He has been a Consultant Urologist and lead clinician in Uro-Oncology in Leicester General Hospital since 1996. Honorary Professor of Urology (Cancer Studies ) University of Leicester since 2017.
He has been Clinical Director, Secretary and Chairman of the BAUS Section of Oncology, National Clinical Lead for Urological Cancer and Chairman of the NCIN SSCRG and has held the following posts:
committee BAUS (The British Association of Urological Surgeons) section of
National lead in urology for the Cancer Services Collaborative
Secretary BAUS section of oncology 2005 - 2007
Chairman BAUS section of oncology 2008 - 2010
His outside interests include skiing, hill walking and cycling.
Senior Cancer Nursing Specialist
During her career Paula has held a variety of nursing posts including a senior nursing post at Central London Teaching Hospital and was chosen to be Nursing Chair for NE London Urological Cancer Network.
Having completed a fast track executive MBA in Health Care, attaining a distinction, this led Paula's career change into management to fulfil her particular interest in innovation and service improvement. She has been involved in several change management projects; the most recent being implementing ‘A New Survivorship Pathway' for cancer patients in one of the largest and busiest tertiary urology departments in the UK. This has proven to be very successful for both patients and primary/secondary care by providing patients with a more seamless and efficient cancer pathway and overall improvement to patient experience and outcome. Paula has also run education events for GPs on survivorship - looking at how best to work in collaboration with primary care to discharge patients safely by embedding their recovery support into their wider treatment package.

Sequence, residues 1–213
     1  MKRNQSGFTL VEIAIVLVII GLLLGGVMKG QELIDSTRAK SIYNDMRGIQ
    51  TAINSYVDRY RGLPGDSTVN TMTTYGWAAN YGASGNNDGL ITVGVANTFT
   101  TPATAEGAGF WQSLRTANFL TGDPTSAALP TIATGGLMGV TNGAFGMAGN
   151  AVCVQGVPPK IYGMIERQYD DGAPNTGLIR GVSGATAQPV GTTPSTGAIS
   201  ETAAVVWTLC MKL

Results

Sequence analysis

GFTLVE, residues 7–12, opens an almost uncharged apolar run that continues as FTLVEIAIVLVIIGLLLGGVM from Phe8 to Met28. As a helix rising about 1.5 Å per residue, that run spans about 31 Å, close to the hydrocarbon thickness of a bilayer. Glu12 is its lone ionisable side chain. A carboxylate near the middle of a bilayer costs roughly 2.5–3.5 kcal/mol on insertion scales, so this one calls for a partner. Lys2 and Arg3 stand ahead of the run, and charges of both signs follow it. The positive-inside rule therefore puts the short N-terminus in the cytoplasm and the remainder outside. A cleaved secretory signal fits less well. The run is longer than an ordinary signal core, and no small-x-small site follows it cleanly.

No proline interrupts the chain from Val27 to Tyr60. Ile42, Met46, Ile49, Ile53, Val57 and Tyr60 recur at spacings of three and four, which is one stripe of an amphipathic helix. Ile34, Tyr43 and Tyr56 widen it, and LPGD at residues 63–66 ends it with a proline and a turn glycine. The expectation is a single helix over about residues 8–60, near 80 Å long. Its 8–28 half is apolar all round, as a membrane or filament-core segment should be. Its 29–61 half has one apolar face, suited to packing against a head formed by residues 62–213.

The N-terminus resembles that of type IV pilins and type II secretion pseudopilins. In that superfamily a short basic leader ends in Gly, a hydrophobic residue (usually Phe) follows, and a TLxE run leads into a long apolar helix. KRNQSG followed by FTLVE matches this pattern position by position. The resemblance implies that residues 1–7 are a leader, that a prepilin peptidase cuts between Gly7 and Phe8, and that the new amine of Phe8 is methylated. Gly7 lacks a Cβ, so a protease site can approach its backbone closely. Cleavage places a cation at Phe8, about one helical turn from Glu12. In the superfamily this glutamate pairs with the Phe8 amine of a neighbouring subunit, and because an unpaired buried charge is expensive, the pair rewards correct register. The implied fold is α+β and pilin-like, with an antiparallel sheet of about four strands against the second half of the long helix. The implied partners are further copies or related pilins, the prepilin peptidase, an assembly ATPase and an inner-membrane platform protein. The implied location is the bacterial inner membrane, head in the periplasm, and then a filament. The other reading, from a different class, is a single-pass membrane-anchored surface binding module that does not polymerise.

Paula founded NaBC (Nurses Against Bladder Cancer) as she wanted to provide nurses with a platform to share their experiences and best practice, and has instigated and organised a yearly teaching and networking event for nurses across the UK.
She has won several awards for her work on Understanding the Barriers to Presentation and Treatment of Bladder Cancer, and was also the lead nurse on a community-based health clinic for which the team won national awards from the Civil Service Diversity and Equality Awards 2013 and Quality in Care Programme.
She currently sits on an international nursing board (EAUN) as a UK representative, in order to standardise current practice and care for patients across Europe.
Richard T Bryan
Senior Research Fellow, The Institute of Cancer & Genomic Sciences, University of Birmingham
Rik qualified in Medicine at the University of Birmingham and subsequently entered surgical training. After completing a PhD in bladder cancer biology he became a Specialist Registrar in Urology. After 4 years as a Specialist Registrar, Rik left clinical urology to assist with the set-up of the Bladder Cancer Prognosis Programme (BCPP) at the University of Birmingham, and was subsequently appointed as a Senior Research Fellow in the School of Cancer Sciences.
Rik is now the Chief Investigator of BCPP which incorporates the SELENIB clinical trial, and is also a member of the Trial Management Group for the POUT trial with responsibility for biospecimen collection and translational research.
Rik sits on the Council of The Royal Society of Medicine Section of Urology, and has been elected as Section Secretary for the 2015-16 session.